We took a hike that day, and that’s where things changed. I’d been having pain in my legs for about two months and it became severe by the time we hit the Tetons and I couldn’t deal with it any more. So we found an MD in Jackson Hole, who told me I had deep vein thrombosis. He warned if I took any more hikes into the mountains, I’d probably have to be carried out, maybe dead. His recommendation: five days in bed with my legs up. We scrounged up a bunch of change and called my parents on a local pay phone (no cell phones back then) to tell them what had happened. I remember crying on the phone about the move. They sent us money via Western Union (no instant bank transfers then either) for a motel. I did spend five days in bed with my legs elevated, watching soap operas on TV and eating take out. Hubs tried to amuse himself, but I could tell he was bored. At the further recommendation of the MD, I rode the rest of the way in the backseat of our car, with my legs up.
Our next stop was Zion National Park. We arrived there in the late afternoon, pitched the tent, got some dinner, and decided to hit the sleeping bags early. We figured the warm temperatures would drop at night, forgetting we were now in Utah. When it failed to cool down, we first lay on top of the sleeping bags, then stripped down to our underwear, and finally removed even that. About 10 PM, two large RVs pulled in on either side of us. Lights came on, doors opened and kids clambered out, using flashlights to find their way to the bathrooms. When they passed out tent, they stopped to look inside. Of course. Then we heard, “Mom, Dad, there’s some naked people sleeping in the tent.” I don’t recall what Mom and Dad replied, but thank heavens the lights quickly disappeared.
Cutting south from Zion to reach US 40, we stopped in Needles because our engine was overheating. The car we had at the time did not have air conditioning, and we drove with the windows down and two large containers of Cool Aid to drink when we got thirsty (no cooler – an added expense). We sat in a cafe chilled to about 60o, drinking coffee and shivering while a mechanic analyzed the problem. It turned out to be a radiator leak, the very last thing we needed. I could have cried. Since we were about to cross the Mojave Desert, it had to be fixed, so we charged the cost to our one credit card. We drank cup after cup of coffee (all we could afford) in the café until the leak was fixed, around four hours later. By then our kidneys were floating and the waitress was very grumpy!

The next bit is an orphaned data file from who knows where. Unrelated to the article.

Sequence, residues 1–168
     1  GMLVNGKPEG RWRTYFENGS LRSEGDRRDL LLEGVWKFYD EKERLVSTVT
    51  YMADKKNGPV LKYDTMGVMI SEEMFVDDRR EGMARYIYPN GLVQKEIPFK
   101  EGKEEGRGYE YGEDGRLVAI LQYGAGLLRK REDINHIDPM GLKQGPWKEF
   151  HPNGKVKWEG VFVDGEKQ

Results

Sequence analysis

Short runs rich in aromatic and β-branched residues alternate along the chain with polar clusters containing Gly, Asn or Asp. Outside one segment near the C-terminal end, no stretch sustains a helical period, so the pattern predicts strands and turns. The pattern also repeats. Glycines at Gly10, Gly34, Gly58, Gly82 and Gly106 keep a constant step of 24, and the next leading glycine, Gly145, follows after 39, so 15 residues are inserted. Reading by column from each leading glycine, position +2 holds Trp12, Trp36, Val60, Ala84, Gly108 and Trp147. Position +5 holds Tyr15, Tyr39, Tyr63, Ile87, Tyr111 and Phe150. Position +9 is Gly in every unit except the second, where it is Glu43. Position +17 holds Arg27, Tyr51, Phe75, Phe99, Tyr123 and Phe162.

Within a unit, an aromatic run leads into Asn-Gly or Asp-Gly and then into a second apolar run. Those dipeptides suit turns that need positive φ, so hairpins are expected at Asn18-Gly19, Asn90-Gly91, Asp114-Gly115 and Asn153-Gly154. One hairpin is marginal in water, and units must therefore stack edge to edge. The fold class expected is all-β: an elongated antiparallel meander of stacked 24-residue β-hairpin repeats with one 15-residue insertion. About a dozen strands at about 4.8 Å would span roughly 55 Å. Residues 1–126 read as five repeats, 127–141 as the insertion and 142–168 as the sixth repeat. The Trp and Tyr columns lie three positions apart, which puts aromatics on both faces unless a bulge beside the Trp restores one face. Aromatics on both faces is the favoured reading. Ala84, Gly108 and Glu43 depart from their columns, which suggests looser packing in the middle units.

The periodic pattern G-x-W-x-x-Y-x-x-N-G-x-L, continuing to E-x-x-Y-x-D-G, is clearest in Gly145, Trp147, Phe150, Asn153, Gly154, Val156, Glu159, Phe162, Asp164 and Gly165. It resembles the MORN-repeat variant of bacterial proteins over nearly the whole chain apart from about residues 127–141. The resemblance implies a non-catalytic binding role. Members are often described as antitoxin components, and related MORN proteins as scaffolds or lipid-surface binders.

We crossed the Mojave with the windows down and, at the suggestion of the mechanic, kept the heater on in the car, to keep the dang engine from overheating again. It was a hot few hours. We stopped in Barstow for gas, and the thermometer at the gas station said 112o. Surprisingly, the attendant (they still filled your tank for you back then) was wearing a thin jacket. When I asked him why, he said it was a rather cool day! He’d apparently been to the California coast on a vacation the previous week and said he’s damned near froze to death. I guess heat is relative.
By the time we reached Riverside, the temperature was still in the 90’s and complicated by a heavy layer of smog. I remember telling Hubs I wanted to turn around and head back. But then we reached the San Gabriel Mountains and as we dropped down to the coast, the temperature dropped into the 70’s, the smog disappeared, and we could see the ocean. Nirvana for the next seven years…
I haven’t been able to find any pictures from this trip – we didn’t own a camera at that point. But here’s one from our apartment in California. I’m still drinking coffee,reading the newspaper and looking like crap in the morning – old habits never die.